For Mike Whalley, Northwich avoidinng relegation would be one of the most remarkable escapes of all time
The result attracted little attention as the final scores came through on Saturday, February 19. Yet Northwich Victoria’s 2-0 win over Farnborough was a significant moment in one of the most remarkable relegation escape attempts in living memory.
Victory took Northwich out of the Conference’s bottom three, a feat that had seemed impossible when they had ten points deducted for going into administration in September. That penalty had left the winless Vics with a points tally of minus five. The only team to have played in the Conference every season since its inception in 1979 seemed to be slipping away quietly. Then came the first of two turning points. On October 16, Northwich beat Burton Albion 4-0 to record their first league win – at the 14th attempt – and returned to zero. Manager Steve Burr became perhaps the first ever to celebrate the fact that his team had no points. The second turning point came just under a fortnight later, when Cheshire businessman Mike Connett, whose son Ben is Northwich’s goalkeeper, bought the club – along with their then-unfinished Victoria Park stadium – and took them out of administration in a £1 million rescue package.
Victoria Park – now just about ready – is the main reason the club almost went out of business after two decades of financial uncertainty.Vics were forced to sell their historic Drill Field home – once the oldest ground in continuous use for football in the world – for housing development in 2002, when the cost of maintaining it to Conference standard became too much. The £1.3m profit made on the sale was supposed to pay for the club’s new ground, on an industrial park. Northwich moved in with Unibond League neighbours Witton Albion as building work began.
They were due to move into Victoria Park last August. But somewhere, the maths had gone wrong. Last summer, with work behind schedule, the money ran out. When building company Tarmac issued a winding-up order over an unpaid £17,000 bill, Northwich were forced into administration to stay alive. They were around £550,000 in debt and became victims of the new automatic points penalty.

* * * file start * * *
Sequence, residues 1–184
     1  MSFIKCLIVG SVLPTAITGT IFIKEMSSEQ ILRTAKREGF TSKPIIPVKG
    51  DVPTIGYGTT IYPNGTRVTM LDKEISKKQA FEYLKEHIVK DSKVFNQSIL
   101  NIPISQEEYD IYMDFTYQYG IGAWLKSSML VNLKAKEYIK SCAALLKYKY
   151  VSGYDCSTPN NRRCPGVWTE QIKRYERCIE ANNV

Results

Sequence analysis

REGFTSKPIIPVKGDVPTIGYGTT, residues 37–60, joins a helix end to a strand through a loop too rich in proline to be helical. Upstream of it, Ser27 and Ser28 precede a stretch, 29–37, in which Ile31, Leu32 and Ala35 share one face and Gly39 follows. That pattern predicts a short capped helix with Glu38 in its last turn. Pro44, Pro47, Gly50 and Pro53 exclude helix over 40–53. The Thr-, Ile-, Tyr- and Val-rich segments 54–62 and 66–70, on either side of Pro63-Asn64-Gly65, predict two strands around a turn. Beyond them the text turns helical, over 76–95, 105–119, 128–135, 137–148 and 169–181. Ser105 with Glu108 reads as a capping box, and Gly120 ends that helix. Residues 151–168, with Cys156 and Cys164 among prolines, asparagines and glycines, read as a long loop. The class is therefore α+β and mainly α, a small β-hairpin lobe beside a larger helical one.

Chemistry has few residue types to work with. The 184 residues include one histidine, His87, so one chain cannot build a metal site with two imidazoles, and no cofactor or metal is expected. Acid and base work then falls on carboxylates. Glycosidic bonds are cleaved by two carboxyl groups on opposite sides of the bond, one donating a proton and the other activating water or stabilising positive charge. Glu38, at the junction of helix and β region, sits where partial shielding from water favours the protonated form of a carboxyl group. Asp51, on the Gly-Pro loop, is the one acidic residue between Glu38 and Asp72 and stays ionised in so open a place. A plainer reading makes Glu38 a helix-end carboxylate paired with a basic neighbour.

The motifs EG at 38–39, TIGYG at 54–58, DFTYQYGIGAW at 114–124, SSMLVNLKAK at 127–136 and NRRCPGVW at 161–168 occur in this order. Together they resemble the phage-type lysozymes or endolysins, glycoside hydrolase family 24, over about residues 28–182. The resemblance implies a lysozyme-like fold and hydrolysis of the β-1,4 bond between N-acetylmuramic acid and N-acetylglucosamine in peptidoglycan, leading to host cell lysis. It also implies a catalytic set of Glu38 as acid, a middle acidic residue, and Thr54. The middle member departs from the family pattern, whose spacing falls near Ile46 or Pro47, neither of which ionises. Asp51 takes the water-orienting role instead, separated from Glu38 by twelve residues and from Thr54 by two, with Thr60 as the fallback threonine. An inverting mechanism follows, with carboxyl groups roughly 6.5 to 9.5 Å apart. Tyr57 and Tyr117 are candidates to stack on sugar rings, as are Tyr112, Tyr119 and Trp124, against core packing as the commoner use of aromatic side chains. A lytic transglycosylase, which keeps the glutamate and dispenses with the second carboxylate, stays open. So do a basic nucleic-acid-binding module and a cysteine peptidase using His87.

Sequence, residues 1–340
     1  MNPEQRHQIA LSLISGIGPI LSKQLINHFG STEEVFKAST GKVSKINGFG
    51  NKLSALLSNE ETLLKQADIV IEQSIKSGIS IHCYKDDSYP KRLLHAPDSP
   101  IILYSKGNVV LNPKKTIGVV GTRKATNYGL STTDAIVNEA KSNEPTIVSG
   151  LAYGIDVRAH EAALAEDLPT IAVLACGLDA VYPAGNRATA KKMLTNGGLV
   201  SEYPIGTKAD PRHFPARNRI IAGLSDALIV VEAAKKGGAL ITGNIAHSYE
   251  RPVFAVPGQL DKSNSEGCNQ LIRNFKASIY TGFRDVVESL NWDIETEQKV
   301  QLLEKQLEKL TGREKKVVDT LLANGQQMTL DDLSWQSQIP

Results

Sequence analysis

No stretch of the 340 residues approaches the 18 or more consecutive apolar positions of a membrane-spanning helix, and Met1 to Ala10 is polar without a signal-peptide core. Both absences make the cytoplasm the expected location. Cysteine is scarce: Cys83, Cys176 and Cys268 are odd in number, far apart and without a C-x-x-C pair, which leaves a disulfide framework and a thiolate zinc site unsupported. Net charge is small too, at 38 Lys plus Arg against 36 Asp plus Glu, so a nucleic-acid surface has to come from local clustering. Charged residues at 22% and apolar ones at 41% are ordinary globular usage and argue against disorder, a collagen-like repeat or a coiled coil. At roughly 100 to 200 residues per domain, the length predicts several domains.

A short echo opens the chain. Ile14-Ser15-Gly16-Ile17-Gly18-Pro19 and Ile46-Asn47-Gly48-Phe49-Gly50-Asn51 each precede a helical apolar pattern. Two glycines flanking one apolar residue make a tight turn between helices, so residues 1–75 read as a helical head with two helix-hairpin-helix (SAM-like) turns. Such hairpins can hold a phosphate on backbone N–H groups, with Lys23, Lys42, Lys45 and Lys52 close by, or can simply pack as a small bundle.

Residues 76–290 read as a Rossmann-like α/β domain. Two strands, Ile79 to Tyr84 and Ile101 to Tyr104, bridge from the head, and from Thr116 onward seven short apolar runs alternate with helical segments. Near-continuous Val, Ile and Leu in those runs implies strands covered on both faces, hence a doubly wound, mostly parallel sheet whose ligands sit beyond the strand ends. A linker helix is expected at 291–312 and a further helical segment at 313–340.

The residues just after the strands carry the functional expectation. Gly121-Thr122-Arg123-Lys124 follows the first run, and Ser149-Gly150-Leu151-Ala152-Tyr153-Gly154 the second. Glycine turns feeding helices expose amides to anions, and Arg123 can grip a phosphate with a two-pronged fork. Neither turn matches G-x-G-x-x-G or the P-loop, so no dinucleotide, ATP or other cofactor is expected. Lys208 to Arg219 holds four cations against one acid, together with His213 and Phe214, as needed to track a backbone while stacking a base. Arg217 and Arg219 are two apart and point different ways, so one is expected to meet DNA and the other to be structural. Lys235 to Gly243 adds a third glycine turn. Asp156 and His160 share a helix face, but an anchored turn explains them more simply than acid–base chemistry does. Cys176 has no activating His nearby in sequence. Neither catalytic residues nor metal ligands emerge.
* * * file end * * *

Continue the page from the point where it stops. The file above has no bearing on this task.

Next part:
Despite the subsequent rescue, Vics still need to be up and running quickly at Victoria Park. They have racked up average losses of £250,000 a season in their two-and-a-half years at Witton. After several delays, the big house-warming party is due to happen against Gravesend on Good Friday, March 25.
Connett senior’s intervention has coincided with a turnaround in fortunes on the pitch. Burr and his assistant David Moss – who once helped plot a remarkable relegation escape as number two to Brian Horton at Oxford – have got the team winning again after a dreadful 2003-04 campaign, which saw Vics go through three managers and finish bottom of the Conference. They only survived because two other clubs drop- ped out of the league and the Unibond champions Hucknall weren’t promoted.
Burr arrived from Hucknall in the summer, but failed to win any of his first 13 league matches. The next 17 saw them pick up 30 points, which is top-three form. Not bad considering that Northwich are one of only seven part-time teams left in the Conference. Competing with big-budget clubs such as Carlisle and Accrington is tough for Burr, and the size of the crowds don’t help; only 628 saw the win over Farnborough.
But following that win, there is belief that Northwich can complete a remarkable escape, which would allow their new owner to go ahead with plans to take the club full-time. But in an unfortunate coincidence, the team Northwich beat – and overtook – to move out of the bottom three are now in a sticky financial plight of their own. With the Inland Revenue reportedly circling, Farnborough look to be heading into the sort of mess that almost took Vics under last summer.
Whatever the outcome of Northwich’s fight against relegation, their fans can breathe a sigh of relief that, for Vics at least, the worst is over.
From WSC 218 April 2005. What was happening this month